The Recreational User Statute, enacted in 1963, changes some aspects of the common law trichotomy by providing immunity to landowners who open their premises free of charge to the public. Instead of the common law distinctions, any duty owed depends on whether the person using the property is a recreational user. Under the express language of the statute, the landowner owes no duty to a recreational user to keep the premises safe for entry or use. The purpose of the statute is to encourage this practice. And in this case, it was undisputed that Combs was a recreational user.
But the majority in this case rejects the idea that the recreational user statute provides absolute immunity, noting that the legislature did not say that a landowner owes no duty whatsoever to any recreational user in any circumstance.
Is Injury From Defect in Premises or Not?
Under existing jurisprudence in this area of law (and there is a lot of it), there is a distinction between injures arising from conditions of or defects in the premises themselves (as in Pauley), and those that don’t (as in Ryall). There is immunity for the former category, but not the latter. Actually, all the justices agree with this distinction, but those in the majority find the injury in this case falls in the latter category, while the dissenters find this falls in the former.
Sister Supreme Courts
Justice O’Donnell cites decisions from California, Maine, Iowa, and Utah which did not extend recreational user immunity beyond injuries arising from conditions of the premises. Justice Kennedy tries to distinguish them all in her dissent, arguing that in all of those cases, the injuries resulted from something other than the land, such as by some kind of vehicle.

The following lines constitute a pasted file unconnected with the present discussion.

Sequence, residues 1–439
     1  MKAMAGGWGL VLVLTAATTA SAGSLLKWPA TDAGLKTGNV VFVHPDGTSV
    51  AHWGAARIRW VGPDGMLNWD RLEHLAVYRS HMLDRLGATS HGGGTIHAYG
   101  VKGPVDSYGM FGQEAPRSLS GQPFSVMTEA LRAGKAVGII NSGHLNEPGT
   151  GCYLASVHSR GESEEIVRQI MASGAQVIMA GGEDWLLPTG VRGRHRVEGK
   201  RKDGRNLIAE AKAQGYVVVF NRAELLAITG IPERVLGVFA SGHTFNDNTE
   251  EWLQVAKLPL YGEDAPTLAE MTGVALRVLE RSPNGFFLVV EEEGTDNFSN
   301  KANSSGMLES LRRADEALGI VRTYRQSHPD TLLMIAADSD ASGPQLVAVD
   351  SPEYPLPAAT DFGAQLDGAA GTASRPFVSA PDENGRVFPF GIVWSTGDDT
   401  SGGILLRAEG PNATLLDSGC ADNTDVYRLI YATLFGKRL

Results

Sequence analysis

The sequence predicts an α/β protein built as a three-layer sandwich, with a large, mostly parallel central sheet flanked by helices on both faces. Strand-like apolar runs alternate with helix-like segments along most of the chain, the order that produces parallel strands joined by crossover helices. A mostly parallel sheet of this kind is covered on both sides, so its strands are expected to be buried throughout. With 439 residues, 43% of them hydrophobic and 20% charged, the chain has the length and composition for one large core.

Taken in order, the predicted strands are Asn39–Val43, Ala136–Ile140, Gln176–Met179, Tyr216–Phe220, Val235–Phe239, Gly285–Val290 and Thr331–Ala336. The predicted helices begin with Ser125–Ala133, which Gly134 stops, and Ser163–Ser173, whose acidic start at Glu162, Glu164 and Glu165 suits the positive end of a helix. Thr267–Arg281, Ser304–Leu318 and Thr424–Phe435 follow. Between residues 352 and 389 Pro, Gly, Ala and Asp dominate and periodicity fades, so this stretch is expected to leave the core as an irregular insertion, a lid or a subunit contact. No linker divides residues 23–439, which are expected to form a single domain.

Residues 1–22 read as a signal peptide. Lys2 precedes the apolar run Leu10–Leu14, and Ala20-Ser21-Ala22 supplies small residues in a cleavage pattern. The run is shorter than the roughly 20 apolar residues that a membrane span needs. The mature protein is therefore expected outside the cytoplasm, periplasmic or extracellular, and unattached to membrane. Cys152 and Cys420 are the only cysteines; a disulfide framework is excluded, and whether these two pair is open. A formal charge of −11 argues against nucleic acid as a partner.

The majority here holds that R.C. 1533.181 is limited in scope and does not apply to the alleged negligence of an employee using a boom mower.
“In this case, the injuries to Combs did not arise from a defective condition of the premises but rather from alleged negligent mowing when the boom mower struck the riprap. R.C. 1533.181 therefore does not apply in these circumstances,” O’Donnell wrote.
This isn’t an outright win for Combs, though. He still must prove negligence, which may not be so easy.
Justice Kennedy wrote the dissent, joined by Justices Lanzinger and French. Kennedy, author of Pauley, would find that the recreational user statute totally abrogates the common law premises-liability doctrine, and thus would uphold summary judgment in favor of ODNR. The injury here was caused by a rock, which is clearly part of the land, and thus is covered by the statute. The fact that the rock was thrown by a mower is of no consequence. Ryall is inapposite. A rock just isn’t the same thing as flying shrapnel from a fireworks display. A rock is part of the premises.
I incorrectly called this for ODNR. Like Justice Pfeifer, I dislike tort immunity. But honestly, I think the recreational user statute was meant to cover this situation. If the mower itself had caused the injury I might feel differently, but a flying rock does not seem the same to me as flying shrapnel. It seems like part of the premises.
Regardless of the win on the legal issue, this case is far from a sure win for Combs. Just because a mower throws a rock doesn’t mean there was negligence on anyone’s part. The blog will continue to follow the case in our “what happened on remand” section.